The saying goes, as one door closes, another will open. Whilst some industries have been hit hard by COVID-19, others have prospered. We want to help people bounce back by giving you the full picture of where the skill and role shortages are in different industries and areas of the nation.
The world of working has changed dramatically in the last decade. Rewind 20 years and the majority of people had a job for life; most of our parents landed a job in their twenties and stayed in it for multiple decades. Today, things look very different.
Modern advancements and consumer trends mean job opportunities are always changing. We have less job security and are forced to adapt our skills to match demand. If you worked for a cassette manufacturer back in 2002, for example, you would have been made redundant and those skills would now be obsolete.
As if the market wasn’t already challenging, Covid-19 has certainly thrown an earth-sized spanner into the works. This spanner has come as a widespread pandemic that has been contagious in more than one way – sending ricochets across all areas of industry as we know it. . With UK unemployment on the rise (rising to 1.72 million between September 2019 and December 2020) and certain industries being dramatically hit by shifts in both economy and social movement, the future of work seems bleak.
Yet, amongst all this tragedy, it’s easy to forget that just as some areas of life have suffered more than others, some have in fact prospered.
Whether you’re an individual or a business, success is dependent on your ability to manoeuvre unexpected challenges and swiftly adapt to the demands of the market. This can also mean bouncing back when things don’t go to plan.
So what are those demands? Which doors have closed and which ones have opened? What does the playing field look like right now, after all the back and forth that defined last year and the beginning of this one?
We want to help people bounce back, and to do so you need the full picture. So here are the key changes you need to know about.
Some sectors have suffered significantly; the hospitality and catering industry, for example, experiencing a loss of over 69.1% of jobs. Other seriously impacted industries include hospitality and leisure, aviation, high-street retail and food and drink suppliers.
But it’s not all doom and gloom. According to reports before Covid, a third of vacancies in the UK were considered hard to fill, predominantly due to a lack of skills, experience, or qualifications. A lot of those vacancy gaps still exist; of the top five professions with shortages, only two industries have seen a drop.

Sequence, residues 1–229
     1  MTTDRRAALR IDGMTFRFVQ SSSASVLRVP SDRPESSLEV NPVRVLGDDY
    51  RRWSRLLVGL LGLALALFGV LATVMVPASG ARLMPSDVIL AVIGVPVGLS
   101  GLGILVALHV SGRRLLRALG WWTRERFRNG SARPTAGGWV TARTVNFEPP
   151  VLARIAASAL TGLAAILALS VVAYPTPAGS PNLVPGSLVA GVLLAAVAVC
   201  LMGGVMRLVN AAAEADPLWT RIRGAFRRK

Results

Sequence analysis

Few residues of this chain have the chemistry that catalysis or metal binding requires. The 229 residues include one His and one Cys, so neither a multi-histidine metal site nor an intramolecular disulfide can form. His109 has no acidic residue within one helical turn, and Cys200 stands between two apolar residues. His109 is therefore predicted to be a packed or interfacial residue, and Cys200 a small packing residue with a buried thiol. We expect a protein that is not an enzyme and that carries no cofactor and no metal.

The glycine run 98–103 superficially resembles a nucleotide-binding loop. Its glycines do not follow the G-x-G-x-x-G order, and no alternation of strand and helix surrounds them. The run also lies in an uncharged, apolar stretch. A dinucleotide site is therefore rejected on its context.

There are still vacancies out there. The key is pinpointing the opportunities, and ensuring you have the required skills and credentials.
Vacancy gaps occur for a variety of reasons: the job might require complex skills that few people have, or it could be socially undesirable and unenjoyable. In 2021, however, the gaps predominantly occurred because the pandemic drove up demand for certain products and services – and sectors don’t have the manpower to keep up.
According to employment trends, there are a wide variety of other occupations with vacancy gaps. The most in-demand jobs right now include:
Unsurprisingly, Nursing is currently the most in-demand occupation, growing nearly 30% year-over-year. 4.32% of all roles advertised on Glassdoor UK are looking for a registered nurse and, according to Linkedin – over 303,436 unique UK job postings were made between March and September 2020, as we navigate through the pandemic.
But don’t expect the demand to drop off after COVID-19 – the need for this profession has always and continues to be driven by several factors, such as our ageing population.
But that might not be much use if you have no medical training. Hospitals give you the jeebies? Well, not all of these roles are based in hospitals. Organizations are looking for nurses to serve in long-term care facilities, schools, urgent care centres and more, listing the following required skills: patient advocacy, clinical research, time management.
In geographic terms, the South East has the biggest shortages of nurses with the North West close behind and then the West Midlands.
Despite the demand, nursing comes top of the list of hard-to-fill (i.e. difficult to recruit for) vacancies, with applicant shortage, competition from other employers, lack of interest in these types of roles and lack of required skills cited as the main reasons.
There were 96,032 unique job postings for cleaners and domestics between March 2020 and Sep 2020. The majority of those were for bathroom cleaners and janitor staff, accounting for 2.35% of the current market. Despite many businesses being closed, those that can remain open need to address cleanliness and hygiene as a high priority to comply with government guidelines, meaning cleaning staff are in high demand.
Despite the closure of schools, teaching assistant openings are the second most prevalent on Glassdoor according to CPD. Having a thorough understanding of the welfare of children and young people is the most in-demand skill in childcare and education roles. It appeared in over 66,000 job postings for early years and education roles between March and September.
Having strong sales skills is vital for navigating the competitive COVID-19 job market. Businesses were tasked with quickly adapting to an uncertain world and economy. While some jobs were lost, others that could help bottom lines and help businesses navigate through the pandemic were added. Hiring for these roles grew more than 45% between 2020 and 2019 and accounted for 197,197 job postings between March and September 2020.